Often forage producers can determine in early spring that an established stand will no longer be productive, and alternative acres for additional spring seedings are limited by such factors as previous herbicide use. In these situations, the fastest and least risky alternative to get a nonproductive field back into alfalfa would be to plow and seed the field to a small grain crop for silage or grain harvest and then establish alfalfa later in the summer. This option minimizes the risk of allelopathy or disease problems.

What are the advantages of seeding alfalfa in late summer?

Late summer alfalfa establishment offers several advantages over traditional spring seedings. Weed and insect pests seldom limit stand establishment success. Using a pre-plant incorporated herbicide or a companion crop is not recommended. Companion crops will compete too strongly with the developing alfalfa seedlings for moisture. Also, the first hard freeze will kill any annual weeds that may have germinated. Remember that soil temperatures are much higher in the late summer than they are in the early spring. With adequate moisture, alfalfa seedlings will germinate, grow and develop a crop canopy at a much faster rate.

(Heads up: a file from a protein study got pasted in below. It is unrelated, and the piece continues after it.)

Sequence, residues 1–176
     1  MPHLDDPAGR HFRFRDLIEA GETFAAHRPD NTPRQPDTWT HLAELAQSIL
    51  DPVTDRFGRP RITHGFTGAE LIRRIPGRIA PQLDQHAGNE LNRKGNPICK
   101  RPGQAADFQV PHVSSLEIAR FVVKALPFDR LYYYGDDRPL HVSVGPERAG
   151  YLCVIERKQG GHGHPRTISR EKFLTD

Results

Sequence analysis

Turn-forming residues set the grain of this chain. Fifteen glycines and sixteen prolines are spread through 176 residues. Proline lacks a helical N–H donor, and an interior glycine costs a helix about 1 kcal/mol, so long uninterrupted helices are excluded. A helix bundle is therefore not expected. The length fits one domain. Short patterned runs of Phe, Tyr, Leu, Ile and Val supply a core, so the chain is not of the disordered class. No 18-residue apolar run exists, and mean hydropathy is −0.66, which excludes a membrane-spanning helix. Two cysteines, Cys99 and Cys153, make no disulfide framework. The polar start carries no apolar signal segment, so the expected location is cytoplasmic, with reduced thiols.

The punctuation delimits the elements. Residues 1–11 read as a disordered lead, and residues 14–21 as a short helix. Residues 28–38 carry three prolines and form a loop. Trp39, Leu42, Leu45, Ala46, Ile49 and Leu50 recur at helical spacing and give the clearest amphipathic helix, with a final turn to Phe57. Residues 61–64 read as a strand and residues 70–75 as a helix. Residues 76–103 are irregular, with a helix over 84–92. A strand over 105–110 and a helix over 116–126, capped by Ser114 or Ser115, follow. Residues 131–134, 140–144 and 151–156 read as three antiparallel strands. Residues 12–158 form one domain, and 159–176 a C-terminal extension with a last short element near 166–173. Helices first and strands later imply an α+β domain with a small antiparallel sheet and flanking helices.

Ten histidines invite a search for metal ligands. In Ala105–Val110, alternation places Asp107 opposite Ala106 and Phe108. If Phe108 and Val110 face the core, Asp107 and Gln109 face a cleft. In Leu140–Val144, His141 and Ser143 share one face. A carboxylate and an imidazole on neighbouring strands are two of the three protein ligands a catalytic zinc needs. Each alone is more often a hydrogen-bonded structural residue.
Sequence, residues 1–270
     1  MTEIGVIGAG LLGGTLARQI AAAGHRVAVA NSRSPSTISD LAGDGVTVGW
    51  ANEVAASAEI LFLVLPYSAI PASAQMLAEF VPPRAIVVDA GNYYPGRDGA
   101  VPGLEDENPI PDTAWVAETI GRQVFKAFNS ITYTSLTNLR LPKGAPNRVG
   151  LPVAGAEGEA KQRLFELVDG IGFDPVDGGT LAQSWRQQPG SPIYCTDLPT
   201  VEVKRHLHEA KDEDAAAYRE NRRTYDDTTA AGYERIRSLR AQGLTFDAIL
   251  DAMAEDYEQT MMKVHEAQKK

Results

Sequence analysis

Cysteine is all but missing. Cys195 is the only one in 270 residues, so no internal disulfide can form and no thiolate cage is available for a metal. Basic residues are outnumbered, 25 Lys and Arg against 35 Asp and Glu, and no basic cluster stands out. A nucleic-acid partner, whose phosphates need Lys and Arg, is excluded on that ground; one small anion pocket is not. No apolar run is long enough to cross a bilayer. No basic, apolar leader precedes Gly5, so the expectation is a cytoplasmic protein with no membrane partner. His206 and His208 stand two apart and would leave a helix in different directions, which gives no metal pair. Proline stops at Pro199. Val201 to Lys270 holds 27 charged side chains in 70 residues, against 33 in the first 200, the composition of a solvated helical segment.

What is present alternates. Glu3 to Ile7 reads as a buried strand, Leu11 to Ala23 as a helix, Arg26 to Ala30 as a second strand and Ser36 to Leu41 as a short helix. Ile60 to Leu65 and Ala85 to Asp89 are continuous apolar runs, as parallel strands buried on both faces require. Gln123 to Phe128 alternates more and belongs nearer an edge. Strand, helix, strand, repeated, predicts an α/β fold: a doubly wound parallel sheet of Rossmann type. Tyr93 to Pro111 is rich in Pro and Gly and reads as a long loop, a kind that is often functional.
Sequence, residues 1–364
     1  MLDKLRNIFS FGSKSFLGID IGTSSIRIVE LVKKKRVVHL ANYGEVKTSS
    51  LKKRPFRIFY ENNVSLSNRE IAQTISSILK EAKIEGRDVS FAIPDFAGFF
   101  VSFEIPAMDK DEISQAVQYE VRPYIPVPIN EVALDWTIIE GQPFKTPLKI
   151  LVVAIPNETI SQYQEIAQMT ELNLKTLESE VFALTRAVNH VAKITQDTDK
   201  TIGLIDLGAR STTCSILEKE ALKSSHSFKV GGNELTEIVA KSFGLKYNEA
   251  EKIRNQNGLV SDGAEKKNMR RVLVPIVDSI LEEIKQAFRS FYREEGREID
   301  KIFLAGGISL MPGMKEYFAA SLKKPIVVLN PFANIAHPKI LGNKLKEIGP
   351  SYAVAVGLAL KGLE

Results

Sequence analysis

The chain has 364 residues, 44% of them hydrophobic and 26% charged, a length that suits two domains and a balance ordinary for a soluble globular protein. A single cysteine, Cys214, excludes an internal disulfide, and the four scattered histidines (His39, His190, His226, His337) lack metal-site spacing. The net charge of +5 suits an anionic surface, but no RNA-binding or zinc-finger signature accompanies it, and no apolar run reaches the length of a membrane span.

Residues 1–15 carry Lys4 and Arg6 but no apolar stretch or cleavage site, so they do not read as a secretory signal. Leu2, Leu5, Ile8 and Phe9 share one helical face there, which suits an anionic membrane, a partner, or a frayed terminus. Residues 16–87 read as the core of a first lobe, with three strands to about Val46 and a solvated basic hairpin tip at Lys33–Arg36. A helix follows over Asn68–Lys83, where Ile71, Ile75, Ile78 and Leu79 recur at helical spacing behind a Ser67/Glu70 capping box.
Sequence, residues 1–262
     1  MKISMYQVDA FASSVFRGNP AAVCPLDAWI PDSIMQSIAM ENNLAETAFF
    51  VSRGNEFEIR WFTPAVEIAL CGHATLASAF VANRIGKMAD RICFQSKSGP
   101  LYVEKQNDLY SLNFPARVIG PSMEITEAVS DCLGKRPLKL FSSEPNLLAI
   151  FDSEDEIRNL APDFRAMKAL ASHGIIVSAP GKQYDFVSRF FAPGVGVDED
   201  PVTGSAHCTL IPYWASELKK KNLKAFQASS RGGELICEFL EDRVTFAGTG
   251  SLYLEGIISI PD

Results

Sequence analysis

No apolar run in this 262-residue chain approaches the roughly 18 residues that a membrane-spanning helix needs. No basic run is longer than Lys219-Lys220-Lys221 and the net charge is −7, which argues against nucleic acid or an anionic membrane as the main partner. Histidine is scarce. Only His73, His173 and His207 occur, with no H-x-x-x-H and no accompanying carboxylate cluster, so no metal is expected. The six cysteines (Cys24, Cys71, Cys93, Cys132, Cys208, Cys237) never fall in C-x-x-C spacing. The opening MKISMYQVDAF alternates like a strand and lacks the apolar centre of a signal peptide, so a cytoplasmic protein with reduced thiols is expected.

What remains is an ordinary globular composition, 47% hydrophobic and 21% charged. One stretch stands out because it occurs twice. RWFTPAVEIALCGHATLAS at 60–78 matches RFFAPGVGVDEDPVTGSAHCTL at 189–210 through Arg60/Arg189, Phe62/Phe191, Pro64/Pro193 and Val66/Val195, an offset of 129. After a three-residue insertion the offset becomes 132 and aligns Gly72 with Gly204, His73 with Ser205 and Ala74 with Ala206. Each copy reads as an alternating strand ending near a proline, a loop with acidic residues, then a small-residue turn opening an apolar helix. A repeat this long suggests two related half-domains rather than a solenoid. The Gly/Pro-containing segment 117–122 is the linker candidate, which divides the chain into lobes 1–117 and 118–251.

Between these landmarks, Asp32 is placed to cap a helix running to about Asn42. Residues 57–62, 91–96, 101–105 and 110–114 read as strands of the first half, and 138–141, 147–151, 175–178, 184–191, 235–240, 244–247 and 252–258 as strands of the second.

Alfalfa yields of late summer seedings during the first production year are generally higher than yields of spring seedings during the establishment year. In fact, yields are often comparable to 2- and 3-year-old stands. By seeding alfalfa during the late summer, forage producers can have the equivalent of an established stand the following spring. Additionally, springtime workload is reduced.

Late summer alfalfa establishment may offer the most advantage to producers with heavy, poorly drained soils. It is on these types of soils where seedling diseases such as Pythium, Phytophthora root rot, and Aphanomyces root rot often limit alfalfa establishment in the spring. Because the soil is both warmer and dryer during the late summer, these diseases are much less of a concern.